If the boats for sale have simple systems like Mercruiser small and big block Chevy power and predominately Alpha drive systems that parts are plentiful and inexpensive...they would sell. Load them up with amenities like great sound systems and re-furbed seating and upholstery ( women won't tolerate old worn out $hit) with a reliable trailer and you have the magic boat that is affordable. So I find a 23' '85 Chris Craft Scorpion with a single 260 Merc that is on a decent trailer but needs a re-power. I buy it for $4500 or less, put a re-built long block in it, upgrade the cockpit interior, put a decent middle of the road sound system in it and hang a $11,995 For Sale sign on it and let them beat me down to $10,500. I have $7500 in it and clear $3K.

The target demographic is the 35~45 year old married couple with 2: teens or pre teens and a annual household income of $75k~$100K living in Indianapolis,St. Louis, Atlanta, Baltimore or Phoenix. They probably have $15K~$20K in savings and would strongly consider parting with a big chunk of that to buy recreation that the whole family can enjoy for 4~5 years before the kids move out.

I think this is doable. The risk is whether or not my demographic is confident enough in the economy and the stability of their employment to spend the money.

I'm sure I'm not the only one that has considered this idea or something similar.
What would your labor and over head costs be?
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Old 02-25-2012, 09:06 AM
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Originally Posted by sprink58 View Post
My take on all of this is that there appears to be a healthy market for good used, clean, turn-key performance boats in the under $25K price range.

Examples would be early '80's to mid '90's Formulas, Welcrafts, Chris Crafts, Bajas, Sonics, etc that were popular 25~30 years ago. The boat would need to be turn-key because most guys will never get spousal approval to buy something for the family that "only needs....".

In most parts of the country this action would be seasonal due to the affliction of winter. In areas of the south and west like Central and South Florida, Southern California and Arizona the business would be less seasonal because of boating being available year round.

If the boats for sale have simple systems like Mercruiser small and big block Chevy power and predominately Alpha drive systems that parts are plentiful and inexpensive...they would sell. Load them up with amenities like great sound systems and re-furbed seating and upholstery ( women won't tolerate old worn out $hit) with a reliable trailer and you have the magic boat that is affordable. So I find a 23' '85 Chris Craft Scorpion with a single 260 Merc that is on a decent trailer but needs a re-power. I buy it for $4500 or less, put a re-built long block in it, upgrade the cockpit interior, put a decent middle of the road sound system in it and hang a $11,995 For Sale sign on it and let them beat me down to $10,500. I have $7500 in it and clear $3K.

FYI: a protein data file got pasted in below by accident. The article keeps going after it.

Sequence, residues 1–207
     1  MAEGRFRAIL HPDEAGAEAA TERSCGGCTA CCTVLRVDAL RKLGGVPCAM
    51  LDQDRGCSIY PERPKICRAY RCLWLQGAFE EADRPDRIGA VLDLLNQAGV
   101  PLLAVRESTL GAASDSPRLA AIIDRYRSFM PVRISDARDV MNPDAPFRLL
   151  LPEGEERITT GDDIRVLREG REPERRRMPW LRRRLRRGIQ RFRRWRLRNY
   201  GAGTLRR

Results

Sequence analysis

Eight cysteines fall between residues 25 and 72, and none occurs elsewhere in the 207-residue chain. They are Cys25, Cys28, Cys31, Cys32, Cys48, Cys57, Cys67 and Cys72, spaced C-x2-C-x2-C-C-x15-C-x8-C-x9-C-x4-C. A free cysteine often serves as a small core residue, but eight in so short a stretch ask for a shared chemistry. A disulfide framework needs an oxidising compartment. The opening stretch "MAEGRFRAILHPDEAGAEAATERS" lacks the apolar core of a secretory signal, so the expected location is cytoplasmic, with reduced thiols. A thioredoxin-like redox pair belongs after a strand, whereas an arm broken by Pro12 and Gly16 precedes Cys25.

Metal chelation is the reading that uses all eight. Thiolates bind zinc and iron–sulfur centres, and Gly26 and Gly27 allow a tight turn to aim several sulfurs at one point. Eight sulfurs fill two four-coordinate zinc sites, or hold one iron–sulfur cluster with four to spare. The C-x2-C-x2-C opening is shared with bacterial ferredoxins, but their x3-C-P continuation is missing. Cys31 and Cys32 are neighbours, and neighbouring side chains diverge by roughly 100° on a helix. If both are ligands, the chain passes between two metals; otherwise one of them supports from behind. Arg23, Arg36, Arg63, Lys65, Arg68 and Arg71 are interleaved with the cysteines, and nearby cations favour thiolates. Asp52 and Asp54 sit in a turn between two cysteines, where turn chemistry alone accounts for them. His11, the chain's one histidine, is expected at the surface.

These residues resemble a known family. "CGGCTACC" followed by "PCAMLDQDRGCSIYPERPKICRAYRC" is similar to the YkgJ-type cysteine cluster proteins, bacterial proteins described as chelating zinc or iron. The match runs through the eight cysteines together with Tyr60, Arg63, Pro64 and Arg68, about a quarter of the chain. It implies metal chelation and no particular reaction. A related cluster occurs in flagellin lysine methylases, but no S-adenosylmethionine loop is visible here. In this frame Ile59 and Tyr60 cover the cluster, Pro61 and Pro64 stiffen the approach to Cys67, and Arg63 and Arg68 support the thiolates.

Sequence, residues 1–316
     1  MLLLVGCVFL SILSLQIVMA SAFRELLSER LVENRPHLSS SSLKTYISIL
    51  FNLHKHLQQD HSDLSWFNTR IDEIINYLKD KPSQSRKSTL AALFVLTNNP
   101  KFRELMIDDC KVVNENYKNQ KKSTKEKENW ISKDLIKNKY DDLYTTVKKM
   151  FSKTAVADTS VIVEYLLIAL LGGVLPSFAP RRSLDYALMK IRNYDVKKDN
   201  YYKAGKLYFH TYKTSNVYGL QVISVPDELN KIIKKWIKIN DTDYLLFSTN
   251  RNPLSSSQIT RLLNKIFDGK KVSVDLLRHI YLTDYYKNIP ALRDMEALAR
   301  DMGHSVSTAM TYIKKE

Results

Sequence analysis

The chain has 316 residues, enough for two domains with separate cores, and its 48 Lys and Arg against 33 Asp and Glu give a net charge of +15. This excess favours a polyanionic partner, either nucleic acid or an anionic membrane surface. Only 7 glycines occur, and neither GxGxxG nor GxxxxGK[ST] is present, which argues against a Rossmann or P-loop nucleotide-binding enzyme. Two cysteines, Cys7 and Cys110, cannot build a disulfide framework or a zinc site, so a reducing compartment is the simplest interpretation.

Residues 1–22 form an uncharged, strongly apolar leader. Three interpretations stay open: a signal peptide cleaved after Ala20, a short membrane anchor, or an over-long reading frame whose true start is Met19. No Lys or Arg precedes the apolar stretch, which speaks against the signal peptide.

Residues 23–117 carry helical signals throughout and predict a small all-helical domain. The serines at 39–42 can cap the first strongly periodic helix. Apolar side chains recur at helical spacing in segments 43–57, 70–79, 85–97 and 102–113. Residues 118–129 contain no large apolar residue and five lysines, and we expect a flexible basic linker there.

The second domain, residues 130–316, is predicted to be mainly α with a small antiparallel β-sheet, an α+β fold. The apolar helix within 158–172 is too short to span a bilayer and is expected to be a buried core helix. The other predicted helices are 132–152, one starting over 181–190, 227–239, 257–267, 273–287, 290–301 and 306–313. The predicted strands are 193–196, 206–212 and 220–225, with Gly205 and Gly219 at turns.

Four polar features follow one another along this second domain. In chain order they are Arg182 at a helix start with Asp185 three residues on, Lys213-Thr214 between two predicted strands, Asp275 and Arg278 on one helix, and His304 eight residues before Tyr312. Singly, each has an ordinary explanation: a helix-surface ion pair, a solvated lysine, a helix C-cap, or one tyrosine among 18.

The target demographic is the 35~45 year old married couple with 2: teens or pre teens and a annual household income of $75k~$100K living in Indianapolis,St. Louis, Atlanta, Baltimore or Phoenix. They probably have $15K~$20K in savings and would strongly consider parting with a big chunk of that to buy recreation that the whole family can enjoy for 4~5 years before the kids move out.

I think this is doable. The risk is whether or not my demographic is confident enough in the economy and the stability of their employment to spend the money.

I'm sure I'm not the only one that has considered this idea or something similar.
What would Suzie Orman say? "You CAN'T afford it!"
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Old 02-25-2012, 09:11 AM
  #108
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I was looking at the Miami OSO party and poker run pictures and noticed something that sorta fits into this discussion. This isn't a young group, there are many grey and balding heads in those pictures which represent some long time hard working people that have worked their way up the scale in the business world.
Some of these guys probably were "common men" and had a 23' run about but they succeeded and are in a place where they can now spend.
I'm sure a number of current "common men" will move up, turn grey haired or bald and eventually own a mega-bling boat.
ed
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Old 02-25-2012, 09:19 AM
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You just nailed it right there. With the current status of our economy the younger people will never be able to move up and afford these high end boats. So, the people that can afford them are just getting older which is why you see the change over to all of these center consoles. I'm 26 and I am very fortunate to be able to afford what I have, and do the stuff I do but most people my age that I know are crying about spending $100 at the bar. So, I don't see many young people getting into the sport....
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Old 02-25-2012, 09:36 AM
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You just nailed it right there. With the current status of our economy the younger people will never be able to move up and afford these high end boats. So, the people that can afford them are just getting older which is why you see the change over to all of these center consoles. I'm 26 and I am very fortunate to be able to afford what I have, and do the stuff I do but most people my age that I know are crying about spending $100 at the bar. So, I don't see many young people getting into the sport....
I agree.